Drizzle Cruets Gourmet

Drizzle Cruets Gourmet

Oil Tasting

Oil is not just something you use for cooking or seasoning; there are a huge amount of different oils available on the market and you need to know just how to compare and evaluate them by tasting them in the correct manner. If you know how to taste oil correctly, you will be guaranteed better results for your recipes, and all you need for your tasting is a small glass that is see through. Better yet, extra virgin olive oil.

Firstly, before you go straight ahead and taste the oil, you need to be able to test its aroma, and this can be done not just by smelling it, but by rubbing a small amount on your hand and really grasping the aroma. When you take time to smell the oil properly, chances are that you will be able to tell which seed, nut, or grain it has been produced from.

Only when you have taken time to smell the oil should you go ahead and taste it; and before you let the spoon go into your mouth, hold it there and breathe in again to ensure yourself that you remember the smell. Use a plastic spoon for this purpose, and when you swallow the oil, take note of how easily it slides down and how much is left stuck to your tongue. When tasting a variety of oils, make sure that in between each tasting you have a clear palate; simply eat some bread or celery, and wash it down with a glass of water. If you really don’t like tasting oil straight from the spoon, the next best way to go about your tasting session is by dipping the different oils in a cube of soft bread.

Some people prefer to use bread as a way to taste oils, but it will not give you the same effect as if you taste directly from the spoon. When you sample good quality oil, you will note that your tongue is not left with a coating, and that the rich texture will be pleasant yet not overpowering. When you taste oil that is rancid, you will be able to notice straight away, indeed often before you even lift the spoon to your mouth.

If you have the bad luck to test oil that is rancid, it will be the opposite of smooth on the palate, and its smell can often be compared to paint. If you swallow the oil, you will find your suffer from almost immediate discomfort, rather in the same way that you do when you eat food that is cooked in oil that has been burned by overheating. If you come across such a sample when tasting, take it back to the store if it was a recent purchase, or simply throw away. Taste testing oils is something that you will get used to, and you will soon be able to tell apart different types.

A good starting point for oil tasting that will get you used to the different flavors is to taste an unrefined oil, and then a refined oil that is straight from the bottle, and then lastly one that has been used for cooking and then allowed to cool. All these three types should have distinct flavors as well as smells, their characters being totally different.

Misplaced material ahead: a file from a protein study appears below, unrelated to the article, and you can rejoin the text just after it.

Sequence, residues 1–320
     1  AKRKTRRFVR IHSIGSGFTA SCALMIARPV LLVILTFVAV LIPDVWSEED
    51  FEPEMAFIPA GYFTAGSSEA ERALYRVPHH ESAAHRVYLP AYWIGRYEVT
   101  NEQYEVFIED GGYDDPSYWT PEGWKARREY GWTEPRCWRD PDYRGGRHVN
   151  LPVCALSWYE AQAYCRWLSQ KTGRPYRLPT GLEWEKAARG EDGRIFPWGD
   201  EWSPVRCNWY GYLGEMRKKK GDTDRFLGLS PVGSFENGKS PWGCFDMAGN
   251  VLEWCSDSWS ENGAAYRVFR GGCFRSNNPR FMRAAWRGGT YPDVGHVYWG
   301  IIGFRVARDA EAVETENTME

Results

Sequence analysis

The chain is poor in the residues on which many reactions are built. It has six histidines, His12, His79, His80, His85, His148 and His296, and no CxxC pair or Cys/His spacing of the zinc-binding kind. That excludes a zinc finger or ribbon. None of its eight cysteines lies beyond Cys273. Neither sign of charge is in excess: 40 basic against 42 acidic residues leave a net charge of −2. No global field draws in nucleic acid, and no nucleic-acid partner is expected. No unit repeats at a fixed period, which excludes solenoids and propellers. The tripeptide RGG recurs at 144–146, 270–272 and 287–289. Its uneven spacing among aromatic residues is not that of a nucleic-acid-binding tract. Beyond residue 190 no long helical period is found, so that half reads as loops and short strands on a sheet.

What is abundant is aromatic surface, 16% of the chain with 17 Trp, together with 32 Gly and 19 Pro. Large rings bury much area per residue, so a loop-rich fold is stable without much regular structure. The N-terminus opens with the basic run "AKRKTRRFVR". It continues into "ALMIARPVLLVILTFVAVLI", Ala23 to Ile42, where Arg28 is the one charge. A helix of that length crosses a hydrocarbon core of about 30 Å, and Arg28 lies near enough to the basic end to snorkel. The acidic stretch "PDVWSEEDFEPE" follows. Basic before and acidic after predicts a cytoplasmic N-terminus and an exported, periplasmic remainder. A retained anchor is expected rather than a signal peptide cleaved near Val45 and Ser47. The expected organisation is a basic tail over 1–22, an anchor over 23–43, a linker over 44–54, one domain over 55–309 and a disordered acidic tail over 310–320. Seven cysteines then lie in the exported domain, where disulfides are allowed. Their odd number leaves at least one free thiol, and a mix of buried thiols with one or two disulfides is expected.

Oils that have not been refined should be easy to spot, with a big presence of the raw material in question. Other oils such as nut oils should be easy to recognize, the nutty flavor staying on the palate after you have swallowed it. Taste testing oils is a great way to increase your cooking skills and knowledge, and will leave you better equipped in the kitchen.

When you are used to tasting of oils, you will not have to rely so heavily on recipes when it comes to cooking up special dishes in the kitchen. There is a large range of different oils to get to grips with, and tasting them is the best way to do this. For example, there are several different kinds of olive oil, such as smooth and extra virgin, each having its own individual flavor.

Olive oils will range in price, but you will find several enter into the same price bracket, and by learning to taste them you will be able to find the best value for money oil for your kitchen. You might also like to taste oils that are produced in different countries, but always make sure that you taste test comparable qualities of oil; there is no point comparing expensive virgin oil from Spain with a cheap French olive oil.

You may also like to compare different oils that are produced locally, or alternatively compare the different major brands. The amount of different types of olive oil available in your area may not be huge, so you could arrange a tasting where each person brings along an oil of their choice, making sure you get as many different types as is possible.

People have very marked preferences for olive oil, some prefer intense oils whilst others preferring a lighter oil. If you like olive oil, taste different varieties every year, and see just how each year the oils change; you may develop a firm favorite or you may find that your oil of choice changes every single year.

If you are not used to oil tasting, then unrefined oil may be a shock to the system, However, once you get used to this type of oil, it opens up a huge number of new possibilities for you. The more oils you taste, the more expertise you will gain, and the best oil tasters will be able to tell you a huge amount about an oil by simply tasting a little sip from a plastic spoon, such as how old it is, or if it really is extra virgin or not.

When you become an expert oil taster, you will also be able to tell which part of the tree has been used to produce the oil, and if the leaves were included or not. An expert can tell a lot about oil, but one fact that remains undisputed is that oils from certain countries will always be superior to others.

France and Italy are the main contenders for the very best oil, although Spain also comes close to the top of the list. Oil from the Provence region of France are supposed to be some of the finest and elegant oils in the land, whereas the region of Tuscany will produce fuller bodied oil, leaving Liguria to produce delicately fragranced specialties.

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